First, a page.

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FBI Spies On IMs E-Mails And Cell Phones

FBI Spies On IMs E-Mails And Cell Phones

John Bryne
Raw Story
April 8, 2008

FBI also spies on home soil for military, documents show; Much information acquired without court order

The Federal Bureau of Investigation has been routinely monitoring the e-mails, instant messages and cell phone calls of suspects across the United States — and has done so, in many cases, without the approval of a court.

Documents released under the Freedom of Information Act and given to the Washington Post — which stuck the story on page three — show that the FBI’s massive dragnet, connected to the backends of telecommunications carriers, “allows authorized FBI agents and analysts, with point-and-click ease, to receive e-mails, instant messages, cellphone calls and other communications that tell them not only what a suspect is saying, but where he is and where he has been, depending on the wording of a court order or a government directive,” the Post says.

But agents don’t need a court order to track to track the senders and recipients names, or how long calls or email exchanges lasted. These can be obtained simply by showing it’s “relevant” to a probe.

RAW STORY has placed a request to the Electronic Frontier Foundation for the new documents, and will post them upon receipt.

Some transactional data is obtained using National Security Letters. The Justice Department says use of these letters has risen from 8,500 in 2000 to 47,000 in 2005, according to the Post.

Last week, the American Civil Liberties Union released letters showing that the Pentagon is using the FBI to skirt legal restrictions on domestic surveillance.

Documents show the FBI has obtained the private records of Americans’ Internet service providers, financial institutions and telephone companies, for the military, according to more than 1,000 Pentagon documents reviewed by the ACLU — also using National Security Letters, without a court order.

The new revelations show definitively that telecommunications companies can transfer “with the click of a mouse, instantly transfer key data along a computer circuit to an FBI technology office in Quantico” upon request.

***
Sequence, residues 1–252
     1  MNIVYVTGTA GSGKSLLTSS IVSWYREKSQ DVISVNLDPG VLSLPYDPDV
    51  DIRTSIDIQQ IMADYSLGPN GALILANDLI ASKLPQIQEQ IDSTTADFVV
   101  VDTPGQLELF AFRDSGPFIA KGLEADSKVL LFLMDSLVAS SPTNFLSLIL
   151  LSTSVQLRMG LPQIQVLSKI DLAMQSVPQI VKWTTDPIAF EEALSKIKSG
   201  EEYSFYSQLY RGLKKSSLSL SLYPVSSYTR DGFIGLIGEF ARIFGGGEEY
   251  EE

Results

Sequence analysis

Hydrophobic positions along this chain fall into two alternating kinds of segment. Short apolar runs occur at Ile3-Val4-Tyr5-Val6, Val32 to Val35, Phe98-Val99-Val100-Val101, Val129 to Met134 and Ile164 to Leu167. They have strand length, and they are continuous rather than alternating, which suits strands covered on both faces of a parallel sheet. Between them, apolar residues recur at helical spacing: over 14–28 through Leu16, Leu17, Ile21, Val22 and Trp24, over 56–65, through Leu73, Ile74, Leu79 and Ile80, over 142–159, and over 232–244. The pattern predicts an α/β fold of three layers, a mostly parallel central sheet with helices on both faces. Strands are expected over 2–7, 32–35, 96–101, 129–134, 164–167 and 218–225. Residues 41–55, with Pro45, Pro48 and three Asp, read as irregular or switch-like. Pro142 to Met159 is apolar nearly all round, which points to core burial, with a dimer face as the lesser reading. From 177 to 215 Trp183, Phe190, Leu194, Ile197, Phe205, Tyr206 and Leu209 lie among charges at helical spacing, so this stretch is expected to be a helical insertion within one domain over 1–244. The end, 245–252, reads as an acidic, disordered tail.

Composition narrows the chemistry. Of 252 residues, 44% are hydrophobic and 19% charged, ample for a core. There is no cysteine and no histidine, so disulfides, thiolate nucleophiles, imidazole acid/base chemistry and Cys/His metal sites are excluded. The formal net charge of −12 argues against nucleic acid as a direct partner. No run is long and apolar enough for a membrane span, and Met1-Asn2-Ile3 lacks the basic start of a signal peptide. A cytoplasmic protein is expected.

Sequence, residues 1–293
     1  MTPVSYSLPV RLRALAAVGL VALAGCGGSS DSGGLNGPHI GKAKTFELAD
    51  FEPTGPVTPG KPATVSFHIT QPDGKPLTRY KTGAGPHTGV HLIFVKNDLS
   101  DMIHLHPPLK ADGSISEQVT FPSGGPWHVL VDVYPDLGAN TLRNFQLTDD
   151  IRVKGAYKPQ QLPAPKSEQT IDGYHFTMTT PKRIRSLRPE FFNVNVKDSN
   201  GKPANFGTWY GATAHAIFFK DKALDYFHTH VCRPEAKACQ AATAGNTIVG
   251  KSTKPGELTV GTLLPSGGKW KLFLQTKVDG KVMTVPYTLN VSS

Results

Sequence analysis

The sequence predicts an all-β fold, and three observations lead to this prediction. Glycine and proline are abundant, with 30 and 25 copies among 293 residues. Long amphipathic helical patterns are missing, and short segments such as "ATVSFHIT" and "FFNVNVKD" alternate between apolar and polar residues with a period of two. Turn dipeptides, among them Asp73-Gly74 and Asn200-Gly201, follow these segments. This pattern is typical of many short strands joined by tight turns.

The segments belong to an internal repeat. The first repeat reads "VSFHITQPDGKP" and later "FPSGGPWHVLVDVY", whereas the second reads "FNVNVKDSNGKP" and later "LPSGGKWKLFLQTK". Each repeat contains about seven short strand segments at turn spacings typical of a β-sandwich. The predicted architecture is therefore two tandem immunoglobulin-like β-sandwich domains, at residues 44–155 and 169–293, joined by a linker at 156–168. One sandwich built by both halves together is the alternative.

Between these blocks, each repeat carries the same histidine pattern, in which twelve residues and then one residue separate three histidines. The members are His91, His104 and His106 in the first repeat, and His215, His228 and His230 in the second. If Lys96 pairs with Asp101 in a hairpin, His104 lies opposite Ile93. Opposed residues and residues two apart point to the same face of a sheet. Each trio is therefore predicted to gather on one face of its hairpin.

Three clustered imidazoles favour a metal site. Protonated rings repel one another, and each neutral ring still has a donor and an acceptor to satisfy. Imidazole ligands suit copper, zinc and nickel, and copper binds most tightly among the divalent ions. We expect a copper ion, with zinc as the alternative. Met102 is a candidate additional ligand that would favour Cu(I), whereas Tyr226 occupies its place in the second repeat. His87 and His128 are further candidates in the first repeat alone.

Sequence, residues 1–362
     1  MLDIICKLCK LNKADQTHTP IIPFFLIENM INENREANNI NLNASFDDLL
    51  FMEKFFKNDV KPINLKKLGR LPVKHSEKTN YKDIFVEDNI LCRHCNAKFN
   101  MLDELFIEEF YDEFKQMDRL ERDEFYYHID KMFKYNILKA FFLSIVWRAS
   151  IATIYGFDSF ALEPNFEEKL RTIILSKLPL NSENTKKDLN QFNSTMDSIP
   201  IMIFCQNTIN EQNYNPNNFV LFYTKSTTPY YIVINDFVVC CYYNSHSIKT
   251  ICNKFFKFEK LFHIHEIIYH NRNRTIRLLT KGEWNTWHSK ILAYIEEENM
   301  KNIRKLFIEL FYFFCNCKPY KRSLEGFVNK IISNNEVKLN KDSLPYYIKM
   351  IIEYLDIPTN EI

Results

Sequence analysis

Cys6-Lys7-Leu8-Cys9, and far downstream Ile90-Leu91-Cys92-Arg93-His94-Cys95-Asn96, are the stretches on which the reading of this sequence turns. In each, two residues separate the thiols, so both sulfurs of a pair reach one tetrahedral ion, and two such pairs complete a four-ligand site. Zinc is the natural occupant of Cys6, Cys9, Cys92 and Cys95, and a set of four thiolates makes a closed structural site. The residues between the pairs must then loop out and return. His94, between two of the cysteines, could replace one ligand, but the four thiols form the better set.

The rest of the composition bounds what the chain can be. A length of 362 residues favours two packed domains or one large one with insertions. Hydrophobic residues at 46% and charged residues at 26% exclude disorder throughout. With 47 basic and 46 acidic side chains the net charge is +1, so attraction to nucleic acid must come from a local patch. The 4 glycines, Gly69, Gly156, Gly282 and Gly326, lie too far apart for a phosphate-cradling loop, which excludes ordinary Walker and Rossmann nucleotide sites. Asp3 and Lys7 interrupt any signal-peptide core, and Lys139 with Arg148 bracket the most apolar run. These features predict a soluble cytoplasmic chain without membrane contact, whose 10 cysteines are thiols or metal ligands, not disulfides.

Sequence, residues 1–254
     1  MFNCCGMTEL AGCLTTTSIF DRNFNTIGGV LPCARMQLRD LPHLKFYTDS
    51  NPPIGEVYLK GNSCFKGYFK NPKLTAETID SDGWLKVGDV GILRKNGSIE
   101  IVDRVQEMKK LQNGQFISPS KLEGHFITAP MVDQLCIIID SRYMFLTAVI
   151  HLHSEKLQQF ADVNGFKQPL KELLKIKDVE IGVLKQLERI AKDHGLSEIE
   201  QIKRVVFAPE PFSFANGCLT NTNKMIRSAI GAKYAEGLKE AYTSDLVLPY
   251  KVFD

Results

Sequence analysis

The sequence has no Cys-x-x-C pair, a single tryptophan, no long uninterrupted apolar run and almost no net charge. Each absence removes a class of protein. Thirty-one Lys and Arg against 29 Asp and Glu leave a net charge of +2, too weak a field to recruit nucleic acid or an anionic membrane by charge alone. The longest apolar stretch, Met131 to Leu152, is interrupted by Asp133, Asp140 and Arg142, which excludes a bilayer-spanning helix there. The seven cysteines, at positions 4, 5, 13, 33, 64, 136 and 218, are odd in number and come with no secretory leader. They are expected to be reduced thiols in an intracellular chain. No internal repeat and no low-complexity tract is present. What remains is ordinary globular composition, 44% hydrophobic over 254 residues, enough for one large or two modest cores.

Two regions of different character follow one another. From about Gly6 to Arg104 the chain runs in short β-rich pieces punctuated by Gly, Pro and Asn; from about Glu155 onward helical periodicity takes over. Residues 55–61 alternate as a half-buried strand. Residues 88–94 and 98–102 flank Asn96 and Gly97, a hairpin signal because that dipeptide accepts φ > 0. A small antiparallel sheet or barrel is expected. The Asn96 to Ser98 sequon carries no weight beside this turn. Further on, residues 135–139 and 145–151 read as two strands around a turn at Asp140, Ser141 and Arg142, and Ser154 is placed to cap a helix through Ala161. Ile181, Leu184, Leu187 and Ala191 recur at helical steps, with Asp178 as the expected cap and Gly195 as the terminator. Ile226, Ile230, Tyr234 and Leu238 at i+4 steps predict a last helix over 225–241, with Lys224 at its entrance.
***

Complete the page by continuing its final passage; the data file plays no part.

A telecom whistleblower, in an affidavit, has said he help maintain a high-speed DS-3 digital line referred to in house as the “Quantico circuit,” which allowed an outside organization “unfettered” access to the the carrier’s wireless network.

The network he’s speaking of? Verizon.

Verizon denies the allegations vaguely, saying “no government agency has open access to the company’s networks through electronic circuits.”

The Justice Department downplayed the new documents.

A spokesman told the Post that the US is asking only for “information at the beginning and end of a communication, and for information “reasonably available” by the network.

The FBI’s budget for says the collection system increased from $30 million in 2007 to $40 million in 2008, the paper said.

 

Homeland Security invokes nuclear bomb, as Bush quietly links cybersecurity program to NSA

John Byrne
Raw Story
April 9, 2008

Department of Homeland Security Michael Chertoff has dropped the bomb.

At a speech to hundreds of security professionals Wednesday, Chertoff declared that the federal government has created a cyber security “Mahattan Project,” referencing the 1941-1946 project led by the Army Corps of Engineers to develop American’s first atomic bomb.

According to Wired’s Ryan Singel, Chertoff gave few details of what the government actually plans to do.